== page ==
THE VOGUE FACTOR: When Kirstie Clements was finalizing plans for the October 2012 issue of Vogue Australia — plans that included making Andrej Pejic her cover model — little did she suspect that she would be delivering a larger-than-usual editor’s letter by the end of that month. Sixty-five thousand words, to be precise. Published by Melbourne University Press and due out Feb. 28, “The Vogue Factor” is Clements’ memoir of her 25-year career at the magazine, starting as its receptionist in 1985, before moving up through the ranks as an editor’s personal assistant, beauty editor, Paris correspondent and finally, editor in chief, a position she held for 13 years. That tenure came to a sudden halt on May 16 last year when Clements was dismissed by Vogue’s Australian licensee, NewsLifeMedia, as part of a midyear restructuring that witnessed the layoffs of five of the company’s magazine editors and five members of Clements’ editorial team. The “regime change,” as Clements puts it, saw the installation of Harpers Bazaar Australia editor Edwina McCann as Vogue’s new editrix, along with a group of McCann’s Harper’s staff.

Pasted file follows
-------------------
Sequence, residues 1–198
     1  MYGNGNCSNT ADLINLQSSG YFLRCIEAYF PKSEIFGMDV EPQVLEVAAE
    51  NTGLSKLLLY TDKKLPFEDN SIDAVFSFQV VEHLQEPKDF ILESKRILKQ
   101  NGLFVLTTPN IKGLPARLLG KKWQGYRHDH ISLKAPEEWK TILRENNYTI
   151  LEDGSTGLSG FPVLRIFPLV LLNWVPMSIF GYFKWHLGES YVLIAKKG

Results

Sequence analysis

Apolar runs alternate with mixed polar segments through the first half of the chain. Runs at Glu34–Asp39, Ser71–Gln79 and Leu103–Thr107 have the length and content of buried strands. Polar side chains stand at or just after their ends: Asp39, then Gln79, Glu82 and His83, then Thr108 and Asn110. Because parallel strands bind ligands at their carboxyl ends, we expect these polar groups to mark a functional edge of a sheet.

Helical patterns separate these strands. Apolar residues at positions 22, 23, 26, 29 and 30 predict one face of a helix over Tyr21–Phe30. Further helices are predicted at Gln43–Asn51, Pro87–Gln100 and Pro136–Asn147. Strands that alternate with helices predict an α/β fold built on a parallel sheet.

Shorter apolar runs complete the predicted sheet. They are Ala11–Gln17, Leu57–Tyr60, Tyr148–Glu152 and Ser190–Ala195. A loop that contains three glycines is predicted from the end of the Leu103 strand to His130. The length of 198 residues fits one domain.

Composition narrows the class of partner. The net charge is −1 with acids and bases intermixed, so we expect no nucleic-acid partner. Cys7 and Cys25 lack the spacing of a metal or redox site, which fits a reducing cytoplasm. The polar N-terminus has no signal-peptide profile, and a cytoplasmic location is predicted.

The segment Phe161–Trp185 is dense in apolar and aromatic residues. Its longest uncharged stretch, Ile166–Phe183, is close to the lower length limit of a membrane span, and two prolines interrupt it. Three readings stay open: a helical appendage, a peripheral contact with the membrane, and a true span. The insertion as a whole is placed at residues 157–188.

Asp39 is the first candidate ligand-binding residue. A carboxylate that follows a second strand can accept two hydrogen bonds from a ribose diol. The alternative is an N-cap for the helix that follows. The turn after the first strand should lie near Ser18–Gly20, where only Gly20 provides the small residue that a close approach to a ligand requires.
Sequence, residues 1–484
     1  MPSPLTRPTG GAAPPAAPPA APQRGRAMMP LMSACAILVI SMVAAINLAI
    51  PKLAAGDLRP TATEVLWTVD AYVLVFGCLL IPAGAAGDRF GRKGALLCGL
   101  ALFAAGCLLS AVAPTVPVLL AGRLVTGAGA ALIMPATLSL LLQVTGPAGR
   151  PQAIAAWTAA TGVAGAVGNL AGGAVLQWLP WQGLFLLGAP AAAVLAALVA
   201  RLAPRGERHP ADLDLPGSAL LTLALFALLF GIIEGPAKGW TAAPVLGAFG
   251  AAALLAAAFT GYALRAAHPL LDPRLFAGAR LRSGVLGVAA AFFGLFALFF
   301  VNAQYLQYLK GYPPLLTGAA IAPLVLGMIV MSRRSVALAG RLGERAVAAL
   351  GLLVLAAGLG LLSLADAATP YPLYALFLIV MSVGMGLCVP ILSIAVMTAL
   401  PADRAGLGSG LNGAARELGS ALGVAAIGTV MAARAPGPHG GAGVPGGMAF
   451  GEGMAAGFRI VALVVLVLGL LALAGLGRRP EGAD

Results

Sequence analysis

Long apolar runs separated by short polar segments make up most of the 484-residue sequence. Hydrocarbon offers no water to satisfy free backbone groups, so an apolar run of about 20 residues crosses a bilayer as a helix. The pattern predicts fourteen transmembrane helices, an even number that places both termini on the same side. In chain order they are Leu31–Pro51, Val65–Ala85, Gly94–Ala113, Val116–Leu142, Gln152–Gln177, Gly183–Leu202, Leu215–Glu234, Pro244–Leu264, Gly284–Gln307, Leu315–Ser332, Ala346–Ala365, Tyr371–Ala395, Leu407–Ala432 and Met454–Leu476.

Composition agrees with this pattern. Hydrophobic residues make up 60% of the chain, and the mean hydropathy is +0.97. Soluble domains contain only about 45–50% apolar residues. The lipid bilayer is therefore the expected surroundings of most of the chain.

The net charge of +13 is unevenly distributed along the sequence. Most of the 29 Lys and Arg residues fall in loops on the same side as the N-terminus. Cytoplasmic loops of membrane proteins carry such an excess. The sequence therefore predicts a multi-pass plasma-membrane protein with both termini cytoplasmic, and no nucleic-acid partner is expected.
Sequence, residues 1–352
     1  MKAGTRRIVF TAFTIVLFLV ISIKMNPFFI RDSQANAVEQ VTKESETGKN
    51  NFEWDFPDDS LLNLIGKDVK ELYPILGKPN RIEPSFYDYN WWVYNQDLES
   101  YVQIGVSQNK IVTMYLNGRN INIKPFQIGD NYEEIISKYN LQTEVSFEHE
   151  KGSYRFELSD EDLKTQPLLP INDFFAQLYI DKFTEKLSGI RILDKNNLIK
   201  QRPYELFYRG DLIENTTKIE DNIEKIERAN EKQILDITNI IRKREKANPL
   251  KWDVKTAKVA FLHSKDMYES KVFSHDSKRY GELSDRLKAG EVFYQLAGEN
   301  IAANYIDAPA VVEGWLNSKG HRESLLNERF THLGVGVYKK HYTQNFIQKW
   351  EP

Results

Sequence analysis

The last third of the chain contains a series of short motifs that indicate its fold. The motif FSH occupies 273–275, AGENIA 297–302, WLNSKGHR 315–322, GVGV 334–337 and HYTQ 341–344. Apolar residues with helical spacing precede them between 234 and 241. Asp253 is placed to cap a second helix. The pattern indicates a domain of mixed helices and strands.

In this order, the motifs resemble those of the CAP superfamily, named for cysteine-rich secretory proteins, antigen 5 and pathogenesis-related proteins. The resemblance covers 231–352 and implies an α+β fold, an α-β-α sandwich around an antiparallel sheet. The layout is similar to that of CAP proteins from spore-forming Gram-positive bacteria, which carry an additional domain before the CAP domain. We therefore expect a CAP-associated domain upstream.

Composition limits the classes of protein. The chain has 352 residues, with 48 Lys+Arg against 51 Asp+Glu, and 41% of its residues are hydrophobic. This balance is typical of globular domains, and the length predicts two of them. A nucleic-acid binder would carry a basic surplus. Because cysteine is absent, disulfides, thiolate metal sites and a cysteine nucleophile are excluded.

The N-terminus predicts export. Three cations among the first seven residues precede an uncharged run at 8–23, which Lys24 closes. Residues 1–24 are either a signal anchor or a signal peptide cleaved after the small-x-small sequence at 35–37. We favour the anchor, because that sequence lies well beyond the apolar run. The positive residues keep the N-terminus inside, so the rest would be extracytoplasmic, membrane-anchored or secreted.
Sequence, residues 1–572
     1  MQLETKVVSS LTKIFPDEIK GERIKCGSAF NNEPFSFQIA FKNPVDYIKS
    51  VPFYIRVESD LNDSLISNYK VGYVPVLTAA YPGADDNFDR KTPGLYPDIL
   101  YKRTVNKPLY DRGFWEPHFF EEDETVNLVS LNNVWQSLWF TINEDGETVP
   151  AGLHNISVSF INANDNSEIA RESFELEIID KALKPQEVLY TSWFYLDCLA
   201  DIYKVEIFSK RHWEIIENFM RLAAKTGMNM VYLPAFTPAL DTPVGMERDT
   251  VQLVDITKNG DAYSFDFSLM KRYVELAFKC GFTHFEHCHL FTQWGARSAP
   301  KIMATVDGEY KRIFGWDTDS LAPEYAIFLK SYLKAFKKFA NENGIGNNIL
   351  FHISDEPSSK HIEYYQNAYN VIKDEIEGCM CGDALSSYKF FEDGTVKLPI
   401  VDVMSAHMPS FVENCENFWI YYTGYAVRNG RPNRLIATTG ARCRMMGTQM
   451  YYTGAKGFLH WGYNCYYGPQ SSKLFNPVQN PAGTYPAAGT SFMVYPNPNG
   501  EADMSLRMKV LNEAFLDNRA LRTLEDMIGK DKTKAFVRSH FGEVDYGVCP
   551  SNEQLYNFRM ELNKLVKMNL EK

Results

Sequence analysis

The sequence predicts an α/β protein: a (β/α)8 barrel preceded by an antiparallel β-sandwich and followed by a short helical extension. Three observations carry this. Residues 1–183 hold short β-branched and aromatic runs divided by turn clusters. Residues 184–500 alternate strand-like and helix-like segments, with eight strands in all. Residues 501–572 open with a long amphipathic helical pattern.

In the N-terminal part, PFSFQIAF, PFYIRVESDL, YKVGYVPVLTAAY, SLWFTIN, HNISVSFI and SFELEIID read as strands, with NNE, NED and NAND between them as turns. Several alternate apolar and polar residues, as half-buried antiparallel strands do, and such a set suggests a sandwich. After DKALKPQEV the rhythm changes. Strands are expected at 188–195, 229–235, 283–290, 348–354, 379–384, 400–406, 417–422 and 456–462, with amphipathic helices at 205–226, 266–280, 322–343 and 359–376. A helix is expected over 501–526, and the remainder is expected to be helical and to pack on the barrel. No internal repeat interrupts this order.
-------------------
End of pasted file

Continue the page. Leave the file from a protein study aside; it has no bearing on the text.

Approached by Melbourne University Press a day after she left Vogue, Clements wrote the book in five months and is now gearing up for a two-and-a-half-month publicity blitz that will include a splashy outdoor bus campaign in Sydney, Melbourne and Brisbane. “I could never get bus backs at Vogue,” said Clements, whose memoir covers a few personal milestones, such as the birth of her twin sons, plus her observations on how the industry has changed in the quarter-century she spent at the magazine, from commercial pressures to unreasonable celebrity publicists to skinny models.
This story first appeared in the January 22, 2013 issue of WWD. Subscribe Today.
“I look back on it and feel very fortunate to have been there in the time I was there,” she said. “And I loved every second of it.”